Commonplace book containing poetry, [circa 1778-1787].
There are 4 Entities related to this resource.
Hastings was the first governor general of British India. He began in 1750 as a clerk at the East India Company. In 1761, he was appointed to the Calcutta Council, and in 1769, was made a member of the Madras Council. In 1771, he became governor of Bengal, and in 1774, governor general of India. In 1784, he resigned and returned to England, where he was charged with high crimes and misdemenears. He was impeached in 1787 but, after a long trial, was acquitted in 1795. He was made a privy councilo...
Samuel Johnson (1709-1784) was one of the leading literary figures of eighteenth-century England. He is best remembered for compiling the first comprehensive dictionary of the English language, published in 1755. Prominent among his diverse other works, he also wrote the satirical History of Rasselas, Prince of Abyssinia (1759), edited The Dramatic Works of William Shakespeare (1765), and produced the important Prefaces, Biographical and Critical, to the Works of the English Poets (first collect...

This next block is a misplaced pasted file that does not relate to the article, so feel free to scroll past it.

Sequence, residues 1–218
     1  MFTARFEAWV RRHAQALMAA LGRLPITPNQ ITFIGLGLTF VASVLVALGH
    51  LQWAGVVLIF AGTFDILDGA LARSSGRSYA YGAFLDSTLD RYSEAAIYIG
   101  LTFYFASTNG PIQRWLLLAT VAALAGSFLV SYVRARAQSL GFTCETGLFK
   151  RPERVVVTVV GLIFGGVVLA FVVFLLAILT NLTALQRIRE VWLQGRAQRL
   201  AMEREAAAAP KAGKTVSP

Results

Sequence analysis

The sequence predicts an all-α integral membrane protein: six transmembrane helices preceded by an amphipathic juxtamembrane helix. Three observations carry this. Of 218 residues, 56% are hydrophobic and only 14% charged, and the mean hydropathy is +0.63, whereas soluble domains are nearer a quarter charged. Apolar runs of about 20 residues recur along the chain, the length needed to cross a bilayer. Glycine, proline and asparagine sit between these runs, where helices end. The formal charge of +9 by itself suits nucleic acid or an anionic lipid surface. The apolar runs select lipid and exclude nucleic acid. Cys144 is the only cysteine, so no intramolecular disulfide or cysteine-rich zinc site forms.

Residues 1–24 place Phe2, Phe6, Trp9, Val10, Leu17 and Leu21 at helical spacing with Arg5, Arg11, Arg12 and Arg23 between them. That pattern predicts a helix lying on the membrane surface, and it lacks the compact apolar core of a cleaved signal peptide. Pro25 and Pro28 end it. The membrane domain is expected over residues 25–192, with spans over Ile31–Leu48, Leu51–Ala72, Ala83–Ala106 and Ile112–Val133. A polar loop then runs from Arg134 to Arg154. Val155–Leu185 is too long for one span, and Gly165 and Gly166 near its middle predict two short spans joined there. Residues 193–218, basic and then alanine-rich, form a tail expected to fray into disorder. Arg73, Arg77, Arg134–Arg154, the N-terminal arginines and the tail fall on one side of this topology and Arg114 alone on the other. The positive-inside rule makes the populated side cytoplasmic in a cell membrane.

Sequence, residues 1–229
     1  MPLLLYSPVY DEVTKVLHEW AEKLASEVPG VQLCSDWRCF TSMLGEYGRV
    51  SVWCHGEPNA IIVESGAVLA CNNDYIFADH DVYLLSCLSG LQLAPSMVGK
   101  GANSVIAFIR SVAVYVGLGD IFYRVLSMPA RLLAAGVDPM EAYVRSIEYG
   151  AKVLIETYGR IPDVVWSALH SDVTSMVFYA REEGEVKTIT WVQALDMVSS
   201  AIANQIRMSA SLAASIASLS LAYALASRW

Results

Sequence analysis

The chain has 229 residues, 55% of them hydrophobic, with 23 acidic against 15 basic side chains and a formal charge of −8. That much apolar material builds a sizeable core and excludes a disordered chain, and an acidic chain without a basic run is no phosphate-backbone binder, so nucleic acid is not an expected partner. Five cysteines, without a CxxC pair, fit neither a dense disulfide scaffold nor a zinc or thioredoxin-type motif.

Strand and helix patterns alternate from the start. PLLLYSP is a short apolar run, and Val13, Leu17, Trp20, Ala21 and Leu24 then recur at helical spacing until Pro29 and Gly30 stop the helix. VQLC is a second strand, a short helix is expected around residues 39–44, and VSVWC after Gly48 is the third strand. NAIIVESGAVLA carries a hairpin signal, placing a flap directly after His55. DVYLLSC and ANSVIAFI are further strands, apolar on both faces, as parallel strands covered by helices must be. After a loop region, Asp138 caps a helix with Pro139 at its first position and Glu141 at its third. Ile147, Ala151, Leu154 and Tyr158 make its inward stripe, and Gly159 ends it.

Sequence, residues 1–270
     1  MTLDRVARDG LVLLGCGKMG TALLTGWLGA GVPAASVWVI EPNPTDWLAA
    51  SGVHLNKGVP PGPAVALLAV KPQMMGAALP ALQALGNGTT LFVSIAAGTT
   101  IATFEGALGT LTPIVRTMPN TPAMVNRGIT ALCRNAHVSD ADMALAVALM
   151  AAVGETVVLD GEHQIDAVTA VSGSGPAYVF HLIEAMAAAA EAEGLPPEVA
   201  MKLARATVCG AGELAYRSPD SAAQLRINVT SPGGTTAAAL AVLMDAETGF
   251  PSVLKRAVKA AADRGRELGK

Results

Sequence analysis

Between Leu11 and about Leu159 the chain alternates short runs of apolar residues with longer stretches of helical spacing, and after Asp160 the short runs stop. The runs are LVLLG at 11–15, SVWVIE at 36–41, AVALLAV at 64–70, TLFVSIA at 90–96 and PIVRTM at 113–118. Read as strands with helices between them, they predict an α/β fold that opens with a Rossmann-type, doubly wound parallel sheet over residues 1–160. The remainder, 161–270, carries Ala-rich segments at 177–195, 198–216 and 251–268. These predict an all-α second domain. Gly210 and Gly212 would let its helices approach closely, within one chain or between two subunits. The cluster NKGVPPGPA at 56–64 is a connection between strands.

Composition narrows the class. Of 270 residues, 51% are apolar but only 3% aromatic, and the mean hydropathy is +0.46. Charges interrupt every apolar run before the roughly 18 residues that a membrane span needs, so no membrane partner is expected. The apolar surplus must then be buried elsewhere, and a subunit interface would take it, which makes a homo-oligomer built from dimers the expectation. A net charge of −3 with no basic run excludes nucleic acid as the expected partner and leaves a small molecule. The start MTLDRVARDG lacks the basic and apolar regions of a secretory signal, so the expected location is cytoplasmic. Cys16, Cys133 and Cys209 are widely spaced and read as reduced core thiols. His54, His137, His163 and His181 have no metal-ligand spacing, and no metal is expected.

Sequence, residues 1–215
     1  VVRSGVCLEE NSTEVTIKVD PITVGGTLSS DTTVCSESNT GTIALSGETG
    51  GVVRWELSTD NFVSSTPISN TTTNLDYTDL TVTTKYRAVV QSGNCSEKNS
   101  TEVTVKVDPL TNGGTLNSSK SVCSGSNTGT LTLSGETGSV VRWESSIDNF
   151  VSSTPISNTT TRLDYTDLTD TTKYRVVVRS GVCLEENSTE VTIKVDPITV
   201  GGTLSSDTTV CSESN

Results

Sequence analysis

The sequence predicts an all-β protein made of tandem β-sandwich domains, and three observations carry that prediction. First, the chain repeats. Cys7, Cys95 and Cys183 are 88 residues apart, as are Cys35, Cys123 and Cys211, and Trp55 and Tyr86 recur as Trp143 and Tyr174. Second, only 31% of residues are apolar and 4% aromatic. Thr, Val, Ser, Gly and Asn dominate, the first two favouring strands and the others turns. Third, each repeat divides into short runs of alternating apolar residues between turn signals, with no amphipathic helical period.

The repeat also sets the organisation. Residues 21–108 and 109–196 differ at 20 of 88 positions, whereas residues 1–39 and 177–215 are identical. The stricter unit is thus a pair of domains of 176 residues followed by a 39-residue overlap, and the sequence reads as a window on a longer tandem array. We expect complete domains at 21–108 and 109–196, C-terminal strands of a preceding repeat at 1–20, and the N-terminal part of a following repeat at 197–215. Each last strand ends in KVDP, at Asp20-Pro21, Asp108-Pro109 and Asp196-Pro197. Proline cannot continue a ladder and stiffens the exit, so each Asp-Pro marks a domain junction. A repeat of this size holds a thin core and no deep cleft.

Peter Pindar is the pseudonym of John Wolcot, an English satirist. From the guide to the Peter Pindar letter to John Walker, 1805-1812, (Ohio University) John Wolcot studied medicine in London, took his M.D. at Aberdeen, and became physician-general of Jamaica. After returning to England, he met the painter John Opie and in 1780 the two moved from Truro to London, where Wolcot devoted himself to the writing of verse satires, mostly published under the name "Peter Pindar." ...